Barnyard millet: a fast growing, drought tolerant, nutritious crop
Author: Smita N. Shingane

Echinochloa frumentacea (Indian barnyard millet, sawa millet, or billion dollar grass) is a species of Echinochloa. This millet is widely grown as a cereal in India, China, Japan, Pakistan, Africa and Nepal. Its wild ancestor is the tropical grass Echinochloa colona but the exact date or region of domestication is uncertain. It is cultivated on marginal lands where rice and other crops will suffer from stress. In India, it is largely grown in harsh and fragile environments, with minimal use of agricultural inputs. Due to its remarkable ability to withstand erratic rainfall and varying weather conditions it is a regular crop up to 2,300 m msl during rainy season in Uttarakhand and Tamilnadu and form a main stay of agricultural diet and cultural system of people in this region. (Kumar et al., 2007).

Taxonomy and Botany

The genus Echinochloa (Poaceae) includes 35 species (Mabberley 1997) that are widely distributed in the warmer parts of the world. Majority of them are known as aggressive colonizer of disturbed habitat or weeds of cultivated field, while Echinochloa utilis Ohwi and Yabuno and E. frumentacea Link are the cultivated species. E. utilis (Japanese barnyard millet) is domesticated in temperate region of both the old and new worlds. This species is cultivated in Japan, Korea and China. E. frumentacea (barnyard millet) is grown in tropical region including India and Central Africa. It is grown in India from Himalayan region in the north to Deccan plateau in the south. It is generally cultivated in hill slopes and undulating fields of hilly, tribal or backward areas, where few options exist for crop diversification. Easy cultivation, voluminous fodder and assured crop harvest have made it an indispensable crop of North West Himalayan region.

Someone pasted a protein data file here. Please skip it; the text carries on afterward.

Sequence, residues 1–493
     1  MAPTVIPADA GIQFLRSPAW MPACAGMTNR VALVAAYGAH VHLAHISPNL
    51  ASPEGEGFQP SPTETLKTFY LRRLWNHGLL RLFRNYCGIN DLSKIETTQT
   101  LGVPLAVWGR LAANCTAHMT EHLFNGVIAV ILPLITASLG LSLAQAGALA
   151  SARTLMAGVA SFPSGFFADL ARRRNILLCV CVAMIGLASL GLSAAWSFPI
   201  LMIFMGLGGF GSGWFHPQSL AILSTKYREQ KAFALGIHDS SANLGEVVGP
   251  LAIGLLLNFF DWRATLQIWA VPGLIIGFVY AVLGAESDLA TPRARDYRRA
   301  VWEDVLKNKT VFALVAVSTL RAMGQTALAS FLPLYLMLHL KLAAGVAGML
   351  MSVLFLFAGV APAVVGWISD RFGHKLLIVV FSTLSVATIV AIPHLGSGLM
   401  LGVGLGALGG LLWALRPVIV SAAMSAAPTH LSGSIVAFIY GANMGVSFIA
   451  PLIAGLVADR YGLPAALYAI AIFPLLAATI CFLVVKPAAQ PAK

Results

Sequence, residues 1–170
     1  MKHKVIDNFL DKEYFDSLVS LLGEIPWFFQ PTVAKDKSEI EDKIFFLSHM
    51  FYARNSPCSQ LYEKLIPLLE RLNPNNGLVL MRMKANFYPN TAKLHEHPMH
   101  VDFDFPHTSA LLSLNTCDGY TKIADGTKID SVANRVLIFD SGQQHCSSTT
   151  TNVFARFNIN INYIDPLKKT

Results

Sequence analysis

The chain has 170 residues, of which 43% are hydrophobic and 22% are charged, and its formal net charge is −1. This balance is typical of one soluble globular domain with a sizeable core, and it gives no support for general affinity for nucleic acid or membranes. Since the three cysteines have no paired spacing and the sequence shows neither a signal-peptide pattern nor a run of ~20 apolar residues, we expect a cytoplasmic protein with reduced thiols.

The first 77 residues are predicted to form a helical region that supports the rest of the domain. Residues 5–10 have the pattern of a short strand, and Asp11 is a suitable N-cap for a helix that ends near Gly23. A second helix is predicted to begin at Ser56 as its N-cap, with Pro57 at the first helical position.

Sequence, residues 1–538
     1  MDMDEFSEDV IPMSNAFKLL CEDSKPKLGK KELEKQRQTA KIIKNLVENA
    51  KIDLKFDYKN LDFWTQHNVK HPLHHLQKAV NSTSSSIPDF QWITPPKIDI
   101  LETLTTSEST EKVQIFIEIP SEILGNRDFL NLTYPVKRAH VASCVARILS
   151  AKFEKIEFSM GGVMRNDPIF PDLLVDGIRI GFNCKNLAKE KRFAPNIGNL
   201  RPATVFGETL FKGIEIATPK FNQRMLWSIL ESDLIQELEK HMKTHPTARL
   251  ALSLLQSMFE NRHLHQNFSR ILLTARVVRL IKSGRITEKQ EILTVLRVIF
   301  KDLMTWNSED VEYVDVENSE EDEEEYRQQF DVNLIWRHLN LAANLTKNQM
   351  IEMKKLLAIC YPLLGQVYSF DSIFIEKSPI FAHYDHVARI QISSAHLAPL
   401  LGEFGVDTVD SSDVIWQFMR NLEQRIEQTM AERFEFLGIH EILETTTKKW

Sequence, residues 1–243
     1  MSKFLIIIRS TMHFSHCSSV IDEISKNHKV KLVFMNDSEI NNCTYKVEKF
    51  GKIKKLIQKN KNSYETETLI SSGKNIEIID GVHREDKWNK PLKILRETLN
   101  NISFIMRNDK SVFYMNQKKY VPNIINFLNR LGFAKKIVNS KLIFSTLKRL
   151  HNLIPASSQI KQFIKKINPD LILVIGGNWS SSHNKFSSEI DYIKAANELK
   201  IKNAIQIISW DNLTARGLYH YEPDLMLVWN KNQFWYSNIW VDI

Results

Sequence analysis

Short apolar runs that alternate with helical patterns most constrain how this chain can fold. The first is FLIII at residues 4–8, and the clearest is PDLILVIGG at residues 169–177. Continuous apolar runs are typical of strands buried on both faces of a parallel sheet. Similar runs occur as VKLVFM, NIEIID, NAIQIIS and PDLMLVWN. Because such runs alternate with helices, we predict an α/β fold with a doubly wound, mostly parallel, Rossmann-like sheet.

Wild species Chromosome no. Characteristics
E. crus-galli 2n= 48 Annual tufted grass grown as fodder
E. stagnina 2n = 54 Perennial weed, grown as fodder, made into hay
E. pyramidalis 2n = 54, 72 A weed like perennial, excellent fodder and pasture
E. colona 2n = 36, 48, 54, 72 Jungle rice: a good fodder at all stages.
(Joel et al. 2006)

Barnyard millet is freely tillering, herbaceous annual. The culm is smooth and slender. Internodes hollow. The first formed roots are seminal roots and subsequently fibrous root system develops. Leaves are flat, glabrous or slightly hairy with ligule. Inflorescence identified as a digitate panicle, contracted or pyramidal with many spikes. Thickened with densely packed in 3-5 rows, turgid, glumes two, lower floret strile, upper floret fertile, hermaphorodite, stamens three, ovary superior, styles two with plumose stigma. Fruit a caryopsis enclosed with in lemma and palea. Seed small, smooth, shinning and rounded at base and pointed at apex.

Nutritional composition and food value

Barnyard millet is also an appropriate food for patients intolerant to gluten causing celiac disease or other forms of allergies/intolerance of wheat, as none of the millets are closely related to wheat, so they are appropriate foods for such patients. Seeds of the crop are very nutritious. Its grain contains 11.2g/100g Proteins, 10.1g/100g crude fibre, 4.4g/100g minerals and 15.2mg/100g iron. (Anonymous, 2010)

Nutrient composition of Barnyard millet and cereals (per 100 g)

Food gain
Crude fibre
Mineral matter
Fe (mg)
Barnyard millet 6.2 65.5 2.2 9.8 4.4 11 280 15.0
Wheat 11.8 71.2 1.5 1.2 1.5 41 306 5.3
Rice 6.8 78.2 0.5 0.2 0.6 45 160

• Anonymous. 2010. Status paper on millets. Directorate of millets Development, Jaipur, India.

• Joel JA, Vanniarajan C, Raveendran TS and Gopalan A. 2006. Fundamentals of crop botany.Directorate of Open and Distance Learning, Tamil Nadu Agricultural University, Coimbatore, India

• Kumar J, Kumar B and Yadav VK. 2007.Small millet research. G B Pant University of Agriculture and Technology.Hill Campus Ranichuri Uttarakhand. 58pp.

• Mabberley DJ (1997) The plant book: a portable dictionary of the vascular plants. Cambridge University Press, Cambridge, UK 858 pp

About Author / Additional Info:
Dr. Smita N.Shingane has completed Ph.D. in (Genetics and Plant Breeding)